formative map and 200 affected sib-pairs, it should be possible to detect IDDM susceptibility genes that exert 2-3-fold weaker effects than HI.A. These conclusions are consistent with previous theoretical estimations of the number of families required to detect gene effects that are weaker than or equivalent to HLA effects [10]. Unfortunately, very few marker systems, with the exception of a few variable number of repeat sequences and the HLA gene complex itself, are full), informative. To date, there are over 150 microsatellites published with PIC >0.7 [8], but most of these are PIC <0.8. In our hands, marker loci with PIC = 0.7, only make about 50% of sib-pairs fully infomlative. Clusters of physically linked microsatellites at a density spacing of greater than 5 cM will be required to fully utilize valuable family material and to detect susceptibility genes with effects as weak as the insulin gene region susceptibility determinant(s) on human chromosome 11p15 [11,12]. Risch [13 o] has shown that contrary to recent claims, testing of multiple markers in a genome search for susceptibility loci actually decreases the false-positive rate among significant tests. In contrast, testing multiple genetic models by varying either the mode of inheritance parameters or the diagnostic criteria can increase the posterior falsepositive rate. In the latter case, Risch suggests subtracting logl0t from the maximum lod score, where t is the number of different genetic models and/or diagnostic models tested. In the stud), of complex disease, exclusion mapping must be combined with candidate gene sequence analysis. This concept is clearly defined by Sobell et al. [14] who advocate the sequencing of candidate genes in a systematic way. This approach is complementatT to linkage analyses and will be greatly facilitated by the large scale sequencing of cDNAs in world-wide genome projects. The candidate gene approach has been very successfully applied in the case of diabetes, leading to the identification of both the HI.A.and insulin gene regions as susceptibility loci for type 1 diabetes, and the insulin receptor as a cause of insulin resistance in type 2 diabetes [15]. In human type 1 diabetes, there is increasing evidence for gene interactions between insulin, HLA and disease [11,16], and also between disease, the T-lymphocyte receptor [3-chain locus (chromosome 7q35) and the immunoglobulin heavychain region genes [17, 18].

Identification of subphenotypes in disease One of the greatest fears that investigators of complex disease have is that the genetics will be so complex and the disorder so heterogeneous that resolution is almost impossible unless one is lucky enough to select a candidate gene polymorphism that is associated with the disease. For IDDM and NIDDM, segregation analyses have not revealed any clear mode of inheritance. One solution to this problem is tO continue to analyze the biochemistry and pathology of the disease, and thus attempt to identify a characteristic that can be accurately and con-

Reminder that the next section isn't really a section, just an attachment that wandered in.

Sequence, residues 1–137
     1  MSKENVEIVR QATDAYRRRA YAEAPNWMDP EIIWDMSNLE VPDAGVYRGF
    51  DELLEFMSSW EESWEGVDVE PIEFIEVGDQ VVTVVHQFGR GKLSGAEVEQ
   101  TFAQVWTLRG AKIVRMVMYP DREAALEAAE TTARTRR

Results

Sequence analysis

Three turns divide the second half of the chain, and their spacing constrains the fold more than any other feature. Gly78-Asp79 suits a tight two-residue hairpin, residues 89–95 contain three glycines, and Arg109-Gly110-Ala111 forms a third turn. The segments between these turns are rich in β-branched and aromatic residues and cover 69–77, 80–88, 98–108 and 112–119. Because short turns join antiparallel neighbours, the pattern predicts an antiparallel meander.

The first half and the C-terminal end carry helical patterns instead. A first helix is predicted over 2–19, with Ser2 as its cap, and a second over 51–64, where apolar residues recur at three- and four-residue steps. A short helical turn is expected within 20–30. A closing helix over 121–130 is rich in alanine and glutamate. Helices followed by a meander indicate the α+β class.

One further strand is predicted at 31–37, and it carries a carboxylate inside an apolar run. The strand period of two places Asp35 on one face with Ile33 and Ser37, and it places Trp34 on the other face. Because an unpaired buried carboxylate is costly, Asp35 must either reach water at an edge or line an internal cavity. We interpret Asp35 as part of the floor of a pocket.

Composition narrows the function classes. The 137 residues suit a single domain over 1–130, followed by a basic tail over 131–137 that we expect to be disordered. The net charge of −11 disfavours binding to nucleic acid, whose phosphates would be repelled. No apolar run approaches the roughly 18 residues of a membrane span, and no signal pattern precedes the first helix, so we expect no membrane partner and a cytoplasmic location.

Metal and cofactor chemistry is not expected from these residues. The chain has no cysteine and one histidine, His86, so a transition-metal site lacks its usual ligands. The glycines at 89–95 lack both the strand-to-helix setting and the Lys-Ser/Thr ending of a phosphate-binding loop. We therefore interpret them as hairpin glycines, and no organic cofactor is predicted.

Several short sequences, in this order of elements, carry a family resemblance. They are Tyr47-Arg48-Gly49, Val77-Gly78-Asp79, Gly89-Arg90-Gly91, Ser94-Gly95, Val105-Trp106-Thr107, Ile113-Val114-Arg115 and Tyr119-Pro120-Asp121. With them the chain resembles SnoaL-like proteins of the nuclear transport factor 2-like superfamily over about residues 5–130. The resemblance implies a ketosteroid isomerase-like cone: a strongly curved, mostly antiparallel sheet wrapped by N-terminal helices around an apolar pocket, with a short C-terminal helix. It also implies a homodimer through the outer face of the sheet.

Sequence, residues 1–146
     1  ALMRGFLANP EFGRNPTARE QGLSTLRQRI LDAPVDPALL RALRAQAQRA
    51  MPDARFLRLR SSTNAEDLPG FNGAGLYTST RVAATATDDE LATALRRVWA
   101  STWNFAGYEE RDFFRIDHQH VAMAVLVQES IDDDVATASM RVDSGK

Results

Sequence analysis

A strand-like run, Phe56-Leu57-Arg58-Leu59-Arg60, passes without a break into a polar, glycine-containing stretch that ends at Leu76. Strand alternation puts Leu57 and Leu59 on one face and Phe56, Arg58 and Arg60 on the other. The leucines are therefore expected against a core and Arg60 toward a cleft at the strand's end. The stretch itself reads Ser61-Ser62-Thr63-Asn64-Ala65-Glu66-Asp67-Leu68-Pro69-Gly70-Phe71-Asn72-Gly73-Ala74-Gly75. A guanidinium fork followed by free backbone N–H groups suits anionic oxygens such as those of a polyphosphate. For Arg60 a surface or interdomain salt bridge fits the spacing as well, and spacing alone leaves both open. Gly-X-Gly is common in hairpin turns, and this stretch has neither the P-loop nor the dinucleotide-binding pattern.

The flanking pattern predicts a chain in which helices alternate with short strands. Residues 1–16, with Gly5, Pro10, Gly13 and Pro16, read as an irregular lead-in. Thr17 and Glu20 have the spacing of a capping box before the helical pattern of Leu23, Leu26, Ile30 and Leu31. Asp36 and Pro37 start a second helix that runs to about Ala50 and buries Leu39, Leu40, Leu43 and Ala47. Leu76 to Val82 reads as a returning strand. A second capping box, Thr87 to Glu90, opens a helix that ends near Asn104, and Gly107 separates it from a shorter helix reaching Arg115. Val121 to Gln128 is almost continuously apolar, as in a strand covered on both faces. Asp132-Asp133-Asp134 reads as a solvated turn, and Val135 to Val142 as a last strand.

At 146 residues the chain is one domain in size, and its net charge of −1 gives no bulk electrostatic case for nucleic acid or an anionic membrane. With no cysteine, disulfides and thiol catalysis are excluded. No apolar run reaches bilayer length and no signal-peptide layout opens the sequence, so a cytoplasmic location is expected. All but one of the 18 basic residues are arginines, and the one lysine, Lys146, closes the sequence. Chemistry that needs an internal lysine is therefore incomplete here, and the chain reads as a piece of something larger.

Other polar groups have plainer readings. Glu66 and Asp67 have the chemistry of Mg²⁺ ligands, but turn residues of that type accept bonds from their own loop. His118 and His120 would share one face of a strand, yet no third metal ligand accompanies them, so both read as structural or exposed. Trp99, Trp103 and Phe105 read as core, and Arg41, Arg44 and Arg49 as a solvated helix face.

Mammaliangenetics venienfly measured in patients and relatives, and which might be inherited in a less complex way. Mosthaf et al. [19"] describe a tissue-specific alteration of the insulin receptor RNA splice pattern in NIDDM patients. The insulin receptor exists in two isoforms, which are generated by alternative splicing and differ by a 12 amino acid insertion sequence in the ~x-subunit. Expression of the isoforms varies according to tissue type and each has a different affinity for insulin. In normal individuals, skeletal muscle biopsies show predominant expression of the high affinity isoform RNA as revealed using PCR, whereas 10/10 NIDDM patient biopsies showed approximately equal levels of RNA for the two isoforms. The authors speculate that this may be related to the insulin resistance evident in diabetic skeletal muscle. This characteristic, if confirmed, may provide a way to dissect diabetes by genetic analysis of a subphenotype. The NOD mouse spontaneously develops an insulindependent autoimmune diabetes with many similarities to the human disease. The NOD mouse thus offers experimental routes via which subphenotypes or components of the disease may be identified and analyzed. One of the most interesting recent examples of this utility is the demonstration by Forsgren et al. [20,] that in allophenic chimeras the presence of NOD thymic epithelium is necessary for the development of insulitis. Insulitis, the infiltration of the pancreatic islets by cells of the immune system, precedes and is necessary for the development of overt diabetes. Allophenic chimeric mice are engineered by pairing eight-cell stage mouse embryos in culture followed by the transfer of the embryos into the uteri of pseudopregnant foster mothers. Progeny with coat-colour chimerism are subsequendy selected. Mice with thymuses that contained a mixture of at least 50% NOD and diabetes-resistant epithelia cells developed insulitis. These results suggest that the NOD MHC class II inmmne-response molecules, which are likely to be primary determinants of insulitis and disease susceptibility and are expressed in the thymic epithelium, may exert their effect by positively selecting for T lymphocytes that are autoreactive and cause ]3-cell death.